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    PakAgriFarming is commited to high standards in extension of agriculture in Pakistan through simple and factual information and topics related to the hottest issues in Pakistan Agriculture.

  • Approved cotton varieties for Punjab 2014

    کپاس کی کاشت کے لیے موزوں اقسام

    پنجاب میں کپاس کی کاشت کا آغاز ہو نے والا ہے اور پیشتر علاقوں میں میں رنیع کی فصل کی برداشت کا وقت قرہب ہے۔ اس لیے بروقت کپاس کے بیج کا انتخاب اچھی پیداوار حاصل کرنے کی طرف پہلا قدم ہے۔۔۔

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Thursday, April 04, 2013

Intro to Wheat (Triticum aestivum L.) Genetics and Production Technology

Posted by Shakil Shaukat On Thursday, April 04, 2013


              Kingdom          Plantae
              Division           Mangoliophyta
              Class               Liliopsida
              Order              Cyperales
              Family             Poaceae
              Genus              Triticum
              Species            T. aestivum L.
Intro to Wheat Genetics and Production Technology (Cover)


In the 10,000 years of cultivation and selection process by man, wheat has evolved into numerous forms depending on morphological and genetic characteristics. 
      Common Name        Traditional Classification (Dorofeev et al. 1979)
                                     (Diploid (2x) Wild, Hulled)
i) Wild einkorn                                  Triticum boeoticum Boiss.
                                     (Diploid (2x) Domesticated, Hulled)
ii) Einkorn                                        Triticum Monococcum L.
                                     (Tetraploid (4x) Wild, Hulled)
iii) Wild Emmer         Triticum Dicoccoides (Körn. ex Asch. & Graebner) Schweinf.
                                     (Tetraploid (4x) Domesticated, Hulled) 
iv) Emmer                                        Triticum dicoccum Scrank ex. Schubler.
                                     (Tetraploid (4x) Domesticated, Free-threshing)
v) Durum or macaroni wheat             Triticum durum Desf.
vi) Rivet or cone wheat                    Triticum turgidum L.
vii) Polish wheat                              Triticum polonicum L.
viii) Khorasan wheat                         Triticum turanicum Jacubz.
ix) Persian wheat                             Triticum carthlicum Nevski in Kom.
                                     (Hexaploid (6x) Domesticated, Hulled)
x) Spelt wheat                                  Triticum spelta L.
                                     (Hexaploid (6x) Domesticated, Free-threshing)
xi) Common or bread wheat               Triticum aestivum L.
xii) Club wheat                                 Triticum compactum Host.
xiii) Indian dwarf or shot wheat          Triticum sphaerococcum Percival.
The major cultivated wheats are;
Durum Wheat
  1. Common or bread wheat - most widely cultivated wheat in the world.
  2. Durum wheat - the only tetraploid wheat which is cultivated and the second most cultivated wheat of world.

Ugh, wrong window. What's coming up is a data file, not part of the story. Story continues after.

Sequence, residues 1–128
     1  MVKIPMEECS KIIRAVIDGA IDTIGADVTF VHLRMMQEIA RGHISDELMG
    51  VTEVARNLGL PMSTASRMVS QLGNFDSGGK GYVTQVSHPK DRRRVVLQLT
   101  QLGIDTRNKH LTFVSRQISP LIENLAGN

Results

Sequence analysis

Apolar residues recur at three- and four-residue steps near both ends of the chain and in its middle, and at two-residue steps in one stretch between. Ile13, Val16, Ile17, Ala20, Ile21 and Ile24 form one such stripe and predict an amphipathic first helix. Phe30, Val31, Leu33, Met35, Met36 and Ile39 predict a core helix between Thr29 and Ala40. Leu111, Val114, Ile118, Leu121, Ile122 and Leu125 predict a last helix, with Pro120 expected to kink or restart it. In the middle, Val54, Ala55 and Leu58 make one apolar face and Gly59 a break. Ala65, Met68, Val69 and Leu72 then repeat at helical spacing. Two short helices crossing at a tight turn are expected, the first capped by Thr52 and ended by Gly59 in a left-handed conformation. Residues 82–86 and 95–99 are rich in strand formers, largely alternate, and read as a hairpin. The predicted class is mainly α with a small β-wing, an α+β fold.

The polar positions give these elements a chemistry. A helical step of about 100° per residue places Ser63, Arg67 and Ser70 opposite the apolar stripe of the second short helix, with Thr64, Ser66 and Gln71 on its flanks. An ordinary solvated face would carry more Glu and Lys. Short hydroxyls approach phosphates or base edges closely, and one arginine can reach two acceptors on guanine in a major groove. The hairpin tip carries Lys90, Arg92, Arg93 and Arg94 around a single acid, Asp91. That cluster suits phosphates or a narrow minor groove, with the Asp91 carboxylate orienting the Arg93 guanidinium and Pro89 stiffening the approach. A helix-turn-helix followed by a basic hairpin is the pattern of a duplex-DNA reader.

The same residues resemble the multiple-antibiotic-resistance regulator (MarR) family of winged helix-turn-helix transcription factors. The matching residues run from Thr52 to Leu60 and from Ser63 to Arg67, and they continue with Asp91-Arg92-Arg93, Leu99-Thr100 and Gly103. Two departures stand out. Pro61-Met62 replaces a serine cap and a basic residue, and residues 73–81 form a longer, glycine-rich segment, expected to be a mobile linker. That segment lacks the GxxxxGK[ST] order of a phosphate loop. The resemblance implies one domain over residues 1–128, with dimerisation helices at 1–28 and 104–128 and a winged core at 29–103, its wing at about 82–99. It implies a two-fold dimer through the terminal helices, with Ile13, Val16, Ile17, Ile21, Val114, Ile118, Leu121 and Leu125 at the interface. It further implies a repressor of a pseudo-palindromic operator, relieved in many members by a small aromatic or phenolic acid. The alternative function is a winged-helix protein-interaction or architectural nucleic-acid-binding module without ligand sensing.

3. Einkorn wheat A diploid species with wild and cultivated variants. Domesticated at the same time as emmer wheat, but never reached the same importance.
  4. Emmer wheat  - A tetraploid species, cultivated in ancient times but no longer in widespread use.
  5. Spelt wheat  hexaploid species cultivated in limited quantities.
Club Wheat
Einkorn Wheat
Emmer Wheat

Wheat cultivars are classified by breeders and farmers on the following basis;
a) Growing Season - for example, winter or spring wheat
Spelt Wheat
b) Gluten Content Hard wheat (high protein contents) and soft wheat (high starch contents)
c) Quality of wheat protein gluten - this protein determines the suitability of wheat for a particular dish. For example, strong and elastic gluten of bread wheat is used to make dough (traping carbon dioxide during dough making) and for making hard rolls for pasta durum wheat is used because of strong gluten which is not elastic.
d) Grain colour - red, white, amber, reddish-brown etc.
e) Protein Contents - bread wheat ranges from 10% in soft wheat and 15% in hard wheat.

Concept of Polyploidy 
Most of wild species of wheat are diploid or tetraploid. T. aestivum L. is hexaploid. Cells of diploid wheats each contains 2 complement of 7 chromosomes, one from mother and the other one from father (2n = 2x = 14, where 2n is number of chromosomes in somatic cells, and x is the basic chromosome number).
For Triticum aestivum, diploid number of chromosomes 2n = 6x = 42, since it is a Hexaploid species. For Durum (Triticum turgidum var. durum) 2n = 4x = 28.
  • HULLED WHEAT: All wild wheat are hulled because their glumes are tightly enclose the grains. Each package of glume, lemma and palae is known as Spikelet
  • At maturity the rachis disarticulates, allowing spikelets to disperse. 
  • In semi-domesticated wheats, there was a semi-brittle rachis that breaks easily by threshing. The result is that when wheat is threshed the ear breaks into spikelets. 
  • To obtain the grain, further processing such as milling and pounding is needed to remove the hulls or husks.
  • FREE THRESHING WHEAT: Free-threshing forms (or naked forms - such as durum wheat and common wheat) the glumes are fragile and the rachis tough. On threshing the chaff breaks up, releasing the grain.
  • Hulled wheats are often stored as spikelets because tough glumes give good protection against pests of stored grains.